Canadian Practice Manual for BIM

 Canadian Practice manual

The Institute for BIM in Canada (IBC) secured funding from the NRC IRAP to develop and disseminate a Canadian Practice Manual for BIM. In 2015, buildingSMART Canada, a council for IBC, began the project to build the practice manual by collaboratively engaging with practitioners and professional groups from across Canada.


BIM thrives on collaboration and consensus among project stakeholders and this is why national standards and best practices are so important to its success. Unfortunately, currently Canadian BIM adoption is overwhelmingly ad-hoc. The Roadmap to Lifecycle Building Information Modeling in the Canadian AECOO Community identifies a Canadian Practice Manual for BIM as a key element in enabling effective BIM adoption in Canada.

The three volumes of the Canadian Practice Manual for BIM is intended to be a comprehensive guide that reflects both international best practices as well as the use of BIM in Canada.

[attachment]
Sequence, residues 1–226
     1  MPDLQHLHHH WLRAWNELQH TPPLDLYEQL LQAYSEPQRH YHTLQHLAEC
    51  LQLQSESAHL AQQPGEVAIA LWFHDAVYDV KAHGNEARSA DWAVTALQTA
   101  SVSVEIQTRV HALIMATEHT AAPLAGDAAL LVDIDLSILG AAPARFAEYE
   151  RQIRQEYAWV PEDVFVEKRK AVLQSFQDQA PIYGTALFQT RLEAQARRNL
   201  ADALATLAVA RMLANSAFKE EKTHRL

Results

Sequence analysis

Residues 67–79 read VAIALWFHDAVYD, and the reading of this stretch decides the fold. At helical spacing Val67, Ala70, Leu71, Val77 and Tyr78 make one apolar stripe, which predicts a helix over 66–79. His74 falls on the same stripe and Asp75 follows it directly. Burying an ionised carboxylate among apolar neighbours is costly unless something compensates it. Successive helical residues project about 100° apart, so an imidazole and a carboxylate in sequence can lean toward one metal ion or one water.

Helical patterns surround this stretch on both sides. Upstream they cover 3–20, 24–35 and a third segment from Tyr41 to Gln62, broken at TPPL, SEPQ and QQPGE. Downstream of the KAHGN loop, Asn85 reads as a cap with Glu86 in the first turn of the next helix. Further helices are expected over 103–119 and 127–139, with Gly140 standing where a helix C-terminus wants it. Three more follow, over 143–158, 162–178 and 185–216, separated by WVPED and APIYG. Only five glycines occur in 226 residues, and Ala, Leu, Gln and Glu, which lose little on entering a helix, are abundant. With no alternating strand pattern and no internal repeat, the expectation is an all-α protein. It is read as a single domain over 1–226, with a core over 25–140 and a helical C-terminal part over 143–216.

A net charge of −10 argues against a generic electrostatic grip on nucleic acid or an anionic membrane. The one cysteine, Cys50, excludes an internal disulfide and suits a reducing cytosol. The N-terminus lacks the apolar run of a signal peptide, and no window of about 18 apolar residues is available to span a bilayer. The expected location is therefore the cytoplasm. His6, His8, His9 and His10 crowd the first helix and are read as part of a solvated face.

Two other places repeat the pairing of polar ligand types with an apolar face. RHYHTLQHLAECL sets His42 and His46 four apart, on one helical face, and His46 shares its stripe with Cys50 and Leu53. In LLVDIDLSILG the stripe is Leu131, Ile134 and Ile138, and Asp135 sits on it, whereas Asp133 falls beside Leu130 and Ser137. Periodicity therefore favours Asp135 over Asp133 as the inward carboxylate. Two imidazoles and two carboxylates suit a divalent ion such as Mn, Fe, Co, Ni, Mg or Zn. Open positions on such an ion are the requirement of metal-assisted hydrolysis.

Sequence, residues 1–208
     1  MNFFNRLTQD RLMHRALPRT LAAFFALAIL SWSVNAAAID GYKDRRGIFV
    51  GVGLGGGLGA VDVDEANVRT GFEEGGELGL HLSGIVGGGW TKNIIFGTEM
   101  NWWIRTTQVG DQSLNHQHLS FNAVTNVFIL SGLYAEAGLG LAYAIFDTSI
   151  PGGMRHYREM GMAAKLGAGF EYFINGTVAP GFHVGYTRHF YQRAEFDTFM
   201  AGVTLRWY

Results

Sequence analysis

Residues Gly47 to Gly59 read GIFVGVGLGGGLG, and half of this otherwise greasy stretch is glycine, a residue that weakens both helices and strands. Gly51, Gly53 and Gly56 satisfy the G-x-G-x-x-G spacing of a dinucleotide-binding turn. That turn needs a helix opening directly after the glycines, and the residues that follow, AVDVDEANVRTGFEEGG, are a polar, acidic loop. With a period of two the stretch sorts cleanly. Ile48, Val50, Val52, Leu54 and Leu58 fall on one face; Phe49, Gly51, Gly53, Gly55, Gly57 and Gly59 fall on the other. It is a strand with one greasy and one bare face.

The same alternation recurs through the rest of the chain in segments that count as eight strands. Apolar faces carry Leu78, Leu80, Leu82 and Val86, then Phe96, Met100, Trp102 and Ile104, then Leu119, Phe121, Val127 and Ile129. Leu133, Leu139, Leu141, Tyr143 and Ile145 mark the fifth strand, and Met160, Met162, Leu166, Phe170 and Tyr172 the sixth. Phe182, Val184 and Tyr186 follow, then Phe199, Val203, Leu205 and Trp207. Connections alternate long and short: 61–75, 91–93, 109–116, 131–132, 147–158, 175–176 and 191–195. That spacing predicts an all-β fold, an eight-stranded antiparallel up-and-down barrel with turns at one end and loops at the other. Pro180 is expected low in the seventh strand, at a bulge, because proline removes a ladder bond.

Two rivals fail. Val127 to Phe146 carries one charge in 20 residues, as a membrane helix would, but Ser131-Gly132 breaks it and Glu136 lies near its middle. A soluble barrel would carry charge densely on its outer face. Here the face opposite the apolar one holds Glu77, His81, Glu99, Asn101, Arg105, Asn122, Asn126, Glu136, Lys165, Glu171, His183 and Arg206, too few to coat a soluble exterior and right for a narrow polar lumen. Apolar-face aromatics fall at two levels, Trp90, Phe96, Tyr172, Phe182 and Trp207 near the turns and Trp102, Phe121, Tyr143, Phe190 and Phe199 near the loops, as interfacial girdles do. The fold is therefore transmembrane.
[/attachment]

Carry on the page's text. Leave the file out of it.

• Volume 1 is called BIM: A Primer and focuses on the basics of BIM, its broad goals, terminology and relevance to industry.
  • Volume 2 is called BIM: Company Context and focuses on the organizational challenges and opportunities that come from the adoption of BIM.
  • Volume 3 is called BIM: Project Context and provides perspectives of applying BIM within projects.


Thanks to the efforts of over sixty dedicated expert practitioners who volunteered for the effort, the text and illustrations for the practice manual have been completed. The three volumes of the Practice Manual have been reviewed by industry experts and have been approved by buildingSMART Canada and endorsed by the Canadian Construction Association, Architecture Canada, Association of Consulting Engineers of Canada, and the Construction Specifications Canada, and public owners via the Steering Committee of IBC. Currently, the three volumes of the practice manual are undergoing graphic layout for publication and translation from English to French.

The completed manual is expected to be available in both official languages by the end of the 2016. It will also be made available to recognized educational programs across Canada to train current and future practitioners, the professionals you will be working with, how to effectively collaborate using BIM. Don’t miss this opportunity to shape how projects are delivered in the future.


If you wish further information on the Canadian Practice Manual for BIM, please contact

John Dickinson ([email protected])


Paul Woodard ([email protected])

All contributions are welcome to help us build the solution!